With advance publicity, so many couples wanted to play The Newly-Dead Game, a waiting list was started. The game was discussed in multiple radio interviews and articles in The Boulder Daily Camera and the official Frozen Dead Guy Days program guide. Two games were played on Saturday, one on Sunday.

Couples Play The Newly-Dead Game

Couples play The Newly-Dead Game at Frozen Dead Guy Days in 2011

One of the players was journalist Richard Carriero. He opened his Yahoo! News story about the festival with his experience playing the game. He wrote:

It’s 3:00 on a snowy afternoon in the Rocky Mountains. My wife and I are under a tent in the freezing cold,  standing onstage with two other couples. We’re about to play the Newly Dead Game. It’s not a particularly grand affair, with an audience of perhaps 50, but it’s the content that is unique.

The host, Gail Rubin, author of A Good Goodbye:  Funeral Planning for Those Who Don’t Plan to Die, asks a series of questions, to which we secretively write our answers on large pads with magic marker. Unlike the usual Dating Game queries, these questions deal with how well each spouse knows the other’s final wishes.

My wife and I get the first one right—we know our mothers’ maiden names (a vital piece of knowledge on a death certificate). We get the second—we know that we both want to be cremated. At the third—What is your spouse’s most prized possession and who would he/she want to have it after death?—we balk. My wife partially guesses correctly (my typewriter) but with my literal bent of mind, I fail to guess hers: her memories. As runners up we receive a signed copy of Gail’s book, which I later read in morbid fascination.

Get your copy of Newly-Dead® The Game – $40

October 30 is Create a Great Funeral Day

Stephanie West Allen was stunned when her significant other suddenly died in 1988. She hardly remembers the funeral and still feels badly about being unprepared.

Ten years later, she watched her husband struggle to pull together a meaningful funeral for his mother, who had left no directions before she died. Observing his grief, Allen felt that knowing what her mother-in-law might have wanted would have made holding a funeral so much easier.

Based on those experiences, Allen wrote Creating Your Own Funeral or Memorial Service: A Workbook. In 1999, she registered October 30 as Create a Great Funeral Day as a “holiday” with Chase’s Calendar of Events. 2019 marks the 20th annual celebration.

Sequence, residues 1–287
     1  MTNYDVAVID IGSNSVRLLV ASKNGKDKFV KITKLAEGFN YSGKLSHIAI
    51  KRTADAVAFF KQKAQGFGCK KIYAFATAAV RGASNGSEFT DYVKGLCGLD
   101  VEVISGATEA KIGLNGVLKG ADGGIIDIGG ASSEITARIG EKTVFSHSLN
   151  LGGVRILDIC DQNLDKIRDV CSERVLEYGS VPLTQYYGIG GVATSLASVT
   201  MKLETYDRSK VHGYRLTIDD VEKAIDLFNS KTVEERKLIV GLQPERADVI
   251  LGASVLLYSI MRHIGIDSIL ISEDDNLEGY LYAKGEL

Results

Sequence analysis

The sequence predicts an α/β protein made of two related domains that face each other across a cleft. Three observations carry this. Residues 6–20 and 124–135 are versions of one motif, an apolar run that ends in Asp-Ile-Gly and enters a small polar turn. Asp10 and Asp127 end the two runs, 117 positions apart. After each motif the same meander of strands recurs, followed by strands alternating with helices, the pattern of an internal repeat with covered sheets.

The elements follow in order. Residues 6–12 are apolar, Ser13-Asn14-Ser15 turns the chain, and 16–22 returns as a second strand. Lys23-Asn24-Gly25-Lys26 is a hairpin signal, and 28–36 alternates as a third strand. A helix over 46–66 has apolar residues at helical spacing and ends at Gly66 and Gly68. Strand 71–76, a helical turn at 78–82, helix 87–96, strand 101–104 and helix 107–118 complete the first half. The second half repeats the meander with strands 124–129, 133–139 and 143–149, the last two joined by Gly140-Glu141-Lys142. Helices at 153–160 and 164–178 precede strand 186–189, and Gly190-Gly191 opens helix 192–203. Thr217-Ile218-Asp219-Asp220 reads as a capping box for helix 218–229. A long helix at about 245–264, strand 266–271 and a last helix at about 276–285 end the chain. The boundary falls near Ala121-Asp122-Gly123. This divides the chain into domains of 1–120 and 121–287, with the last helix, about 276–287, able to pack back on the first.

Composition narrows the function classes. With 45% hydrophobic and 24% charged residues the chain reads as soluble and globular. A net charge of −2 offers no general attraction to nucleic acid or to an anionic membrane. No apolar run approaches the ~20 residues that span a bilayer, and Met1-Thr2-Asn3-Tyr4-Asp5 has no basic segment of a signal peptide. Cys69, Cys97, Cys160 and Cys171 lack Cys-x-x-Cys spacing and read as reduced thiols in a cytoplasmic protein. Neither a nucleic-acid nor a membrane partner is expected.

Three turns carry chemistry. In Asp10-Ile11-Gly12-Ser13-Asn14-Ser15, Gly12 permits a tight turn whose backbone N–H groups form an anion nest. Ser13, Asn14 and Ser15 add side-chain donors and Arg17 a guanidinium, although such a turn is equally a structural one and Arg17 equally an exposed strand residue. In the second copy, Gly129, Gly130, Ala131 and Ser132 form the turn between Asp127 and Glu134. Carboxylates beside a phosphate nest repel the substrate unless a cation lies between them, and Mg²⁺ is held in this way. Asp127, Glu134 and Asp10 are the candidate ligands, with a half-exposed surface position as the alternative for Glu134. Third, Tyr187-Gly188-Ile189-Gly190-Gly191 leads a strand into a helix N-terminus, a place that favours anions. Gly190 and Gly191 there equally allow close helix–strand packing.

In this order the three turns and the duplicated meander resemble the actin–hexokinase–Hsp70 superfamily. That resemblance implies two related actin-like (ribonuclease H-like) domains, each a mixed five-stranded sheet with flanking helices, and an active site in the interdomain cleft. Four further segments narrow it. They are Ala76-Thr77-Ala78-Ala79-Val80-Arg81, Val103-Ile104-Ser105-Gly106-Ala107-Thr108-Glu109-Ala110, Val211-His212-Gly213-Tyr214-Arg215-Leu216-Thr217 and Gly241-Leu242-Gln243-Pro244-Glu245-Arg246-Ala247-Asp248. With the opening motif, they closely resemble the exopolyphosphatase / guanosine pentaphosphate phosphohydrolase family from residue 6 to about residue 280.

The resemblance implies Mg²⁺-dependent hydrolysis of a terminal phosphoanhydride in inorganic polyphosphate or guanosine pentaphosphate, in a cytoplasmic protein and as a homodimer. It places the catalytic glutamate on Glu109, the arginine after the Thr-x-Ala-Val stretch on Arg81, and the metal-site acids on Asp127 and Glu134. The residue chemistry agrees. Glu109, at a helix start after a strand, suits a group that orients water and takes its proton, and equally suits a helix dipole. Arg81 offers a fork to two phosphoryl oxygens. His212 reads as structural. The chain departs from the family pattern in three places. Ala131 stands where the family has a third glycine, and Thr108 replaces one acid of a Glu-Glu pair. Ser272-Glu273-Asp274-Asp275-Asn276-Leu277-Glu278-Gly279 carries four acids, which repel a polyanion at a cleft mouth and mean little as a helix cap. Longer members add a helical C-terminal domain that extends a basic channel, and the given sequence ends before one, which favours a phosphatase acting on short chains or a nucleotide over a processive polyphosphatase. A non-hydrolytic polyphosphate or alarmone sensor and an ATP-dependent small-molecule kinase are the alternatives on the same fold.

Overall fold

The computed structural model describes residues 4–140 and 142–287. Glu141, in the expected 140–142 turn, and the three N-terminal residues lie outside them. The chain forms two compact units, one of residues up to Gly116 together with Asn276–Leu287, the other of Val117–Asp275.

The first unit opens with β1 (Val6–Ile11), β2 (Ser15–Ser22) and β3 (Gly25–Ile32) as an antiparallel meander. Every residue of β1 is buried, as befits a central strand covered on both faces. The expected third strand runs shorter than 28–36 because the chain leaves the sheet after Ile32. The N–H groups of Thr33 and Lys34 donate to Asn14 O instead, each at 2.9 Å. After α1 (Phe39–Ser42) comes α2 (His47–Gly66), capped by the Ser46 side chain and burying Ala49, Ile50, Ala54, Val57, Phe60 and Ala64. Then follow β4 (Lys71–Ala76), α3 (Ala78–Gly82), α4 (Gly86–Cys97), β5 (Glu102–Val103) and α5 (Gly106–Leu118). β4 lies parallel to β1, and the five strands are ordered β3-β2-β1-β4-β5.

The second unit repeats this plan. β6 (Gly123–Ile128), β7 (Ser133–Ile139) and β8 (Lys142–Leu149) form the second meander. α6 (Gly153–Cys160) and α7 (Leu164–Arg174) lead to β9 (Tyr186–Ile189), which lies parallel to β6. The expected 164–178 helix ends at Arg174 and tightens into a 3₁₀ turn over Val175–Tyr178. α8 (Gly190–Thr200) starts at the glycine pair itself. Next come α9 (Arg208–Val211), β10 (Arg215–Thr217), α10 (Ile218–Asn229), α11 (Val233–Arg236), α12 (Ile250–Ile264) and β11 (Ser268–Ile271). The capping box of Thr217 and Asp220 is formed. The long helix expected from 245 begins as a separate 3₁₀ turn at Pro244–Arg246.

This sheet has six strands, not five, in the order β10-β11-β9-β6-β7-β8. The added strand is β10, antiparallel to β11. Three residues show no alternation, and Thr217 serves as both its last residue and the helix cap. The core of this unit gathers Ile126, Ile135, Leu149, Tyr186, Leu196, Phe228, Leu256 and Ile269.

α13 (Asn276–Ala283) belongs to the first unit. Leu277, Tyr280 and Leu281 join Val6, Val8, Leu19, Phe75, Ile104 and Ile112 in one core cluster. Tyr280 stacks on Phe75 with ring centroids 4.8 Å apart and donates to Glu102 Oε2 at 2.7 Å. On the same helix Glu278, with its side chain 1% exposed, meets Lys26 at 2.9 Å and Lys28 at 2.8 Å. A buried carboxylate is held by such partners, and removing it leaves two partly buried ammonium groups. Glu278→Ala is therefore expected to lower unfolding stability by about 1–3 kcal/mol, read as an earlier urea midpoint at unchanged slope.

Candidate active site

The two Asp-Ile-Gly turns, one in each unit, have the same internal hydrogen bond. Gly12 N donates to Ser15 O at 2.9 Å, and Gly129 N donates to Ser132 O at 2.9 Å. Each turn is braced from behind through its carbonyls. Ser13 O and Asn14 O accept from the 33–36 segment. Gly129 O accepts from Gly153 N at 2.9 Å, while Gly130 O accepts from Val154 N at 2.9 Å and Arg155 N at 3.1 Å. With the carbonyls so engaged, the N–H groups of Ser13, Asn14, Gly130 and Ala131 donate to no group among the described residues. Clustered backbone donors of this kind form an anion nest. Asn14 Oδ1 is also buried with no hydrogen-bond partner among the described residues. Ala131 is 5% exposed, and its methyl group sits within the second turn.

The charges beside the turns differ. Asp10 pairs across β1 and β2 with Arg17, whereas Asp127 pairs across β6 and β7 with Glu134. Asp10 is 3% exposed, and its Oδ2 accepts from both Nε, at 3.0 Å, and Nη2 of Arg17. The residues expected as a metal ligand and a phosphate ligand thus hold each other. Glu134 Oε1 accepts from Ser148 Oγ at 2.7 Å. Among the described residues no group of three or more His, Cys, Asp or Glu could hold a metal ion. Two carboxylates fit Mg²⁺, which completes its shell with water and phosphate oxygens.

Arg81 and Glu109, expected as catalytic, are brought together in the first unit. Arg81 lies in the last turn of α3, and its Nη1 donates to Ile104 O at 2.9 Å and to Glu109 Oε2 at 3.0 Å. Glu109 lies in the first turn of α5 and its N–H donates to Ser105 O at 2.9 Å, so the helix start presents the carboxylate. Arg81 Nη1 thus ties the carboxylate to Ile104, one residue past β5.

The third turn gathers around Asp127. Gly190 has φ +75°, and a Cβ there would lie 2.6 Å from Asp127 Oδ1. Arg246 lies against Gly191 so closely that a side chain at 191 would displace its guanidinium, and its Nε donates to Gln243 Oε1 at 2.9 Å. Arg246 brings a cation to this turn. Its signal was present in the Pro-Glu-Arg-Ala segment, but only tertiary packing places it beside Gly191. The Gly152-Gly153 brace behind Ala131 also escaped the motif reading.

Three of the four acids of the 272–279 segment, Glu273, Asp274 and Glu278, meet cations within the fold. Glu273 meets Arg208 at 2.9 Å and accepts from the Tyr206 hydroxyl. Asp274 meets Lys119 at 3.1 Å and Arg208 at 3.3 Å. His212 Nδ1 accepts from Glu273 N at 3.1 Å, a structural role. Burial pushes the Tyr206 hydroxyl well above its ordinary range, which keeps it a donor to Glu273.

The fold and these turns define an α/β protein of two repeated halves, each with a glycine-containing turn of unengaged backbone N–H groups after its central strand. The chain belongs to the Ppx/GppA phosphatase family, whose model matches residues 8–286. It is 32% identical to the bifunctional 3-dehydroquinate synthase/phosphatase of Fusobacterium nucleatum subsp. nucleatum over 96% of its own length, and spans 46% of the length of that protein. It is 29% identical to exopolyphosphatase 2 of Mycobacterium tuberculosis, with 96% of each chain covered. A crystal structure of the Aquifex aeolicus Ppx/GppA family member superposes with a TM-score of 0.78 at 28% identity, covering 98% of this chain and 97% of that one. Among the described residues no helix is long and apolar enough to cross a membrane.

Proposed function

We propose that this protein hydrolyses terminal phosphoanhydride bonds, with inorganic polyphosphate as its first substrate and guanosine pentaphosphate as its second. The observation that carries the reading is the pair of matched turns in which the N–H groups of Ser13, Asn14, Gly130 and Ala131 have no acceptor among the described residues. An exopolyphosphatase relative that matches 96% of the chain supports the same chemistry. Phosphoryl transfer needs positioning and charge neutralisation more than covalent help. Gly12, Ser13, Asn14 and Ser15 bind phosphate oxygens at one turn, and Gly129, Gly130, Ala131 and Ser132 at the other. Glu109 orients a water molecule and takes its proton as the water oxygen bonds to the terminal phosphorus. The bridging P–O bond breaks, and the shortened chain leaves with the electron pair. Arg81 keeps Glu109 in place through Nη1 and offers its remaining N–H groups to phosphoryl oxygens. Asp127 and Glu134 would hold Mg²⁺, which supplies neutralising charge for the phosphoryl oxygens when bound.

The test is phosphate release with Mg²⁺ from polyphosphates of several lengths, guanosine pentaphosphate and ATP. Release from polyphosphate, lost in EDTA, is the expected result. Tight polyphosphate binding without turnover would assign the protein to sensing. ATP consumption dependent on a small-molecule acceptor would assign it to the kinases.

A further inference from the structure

The idea behind Create a Great Funeral Day is to consider how you would like to be remembered. By letting those you love know how you’d like your life celebrated, the survivors’ experience can be so much easier.

Don’t Make This Mistake!

You would think people in the funeral business would know better and pre-plan for themselves. But even a funeral director can make this mistake. Your Funeral Guy R. Brian Burkhardt died of a heart attack at age 59 and left his family penniless. His wife didn’t know what he wanted or how to access his online accounts. Don’t let this happen to you!

Funerals – The Party No One Wants to Plan

Why do people hesitate to discuss funeral planning, let alone do anything concrete about it in advance?

Social psychologists cite the Terror Management Theory, that all human behavior is ultimately motivated by the fear of death. Death creates anxiety, not only because it can strike at unexpected and random moments, but because its nature is essentially unknowable.

The awareness of our own eventual death, called “mortality salience,” affects our decision-making in the face of this terror. Many people decide to avoid the topic.

Create a Great Funeral Day prompts us to be mindful and self-aware. It suggests we plan reflectively in advance rather than react frantically after someone dies. Why not play Newly-Dead® The Game to get the conversation started?

How Newly-Dead® The Game Can Help Your Family

Those who work with families experiencing a recent or impending death know the upheaval and difficulties when there’s been no estate planning or advance funeral plans in place. Wouldn’t you be a hero if you could help your family avoid such problems and you could have fun at the same time?

It’s hard to discuss your desires and values before death changes the family forever. Maybe you’ll talk about it at some point, but  it’s always sometime in the future… something you’ll get around to… eventually. Newly-Dead® The Game is a game-changer.

Your family and friends can play Newly-Dead® The Game at your next Halloween or Day of the Dead party. It will make you smile and learn. It will get you laughing and thinking. Perhaps you’ll look at your partner and say, “Do you really want that?”

Newly-Dead® The Game includes:

  • 30 questions that cover a range of issues
  • Score cards to keep track of each couple’s points
  • Booklet with directions on how to play the game
  • Singles Edition questions and score pad
  • Template score cards inside the box to make additional score card copies

Get your copy of Newly-Dead® The Game NOW.

A Good Goodbye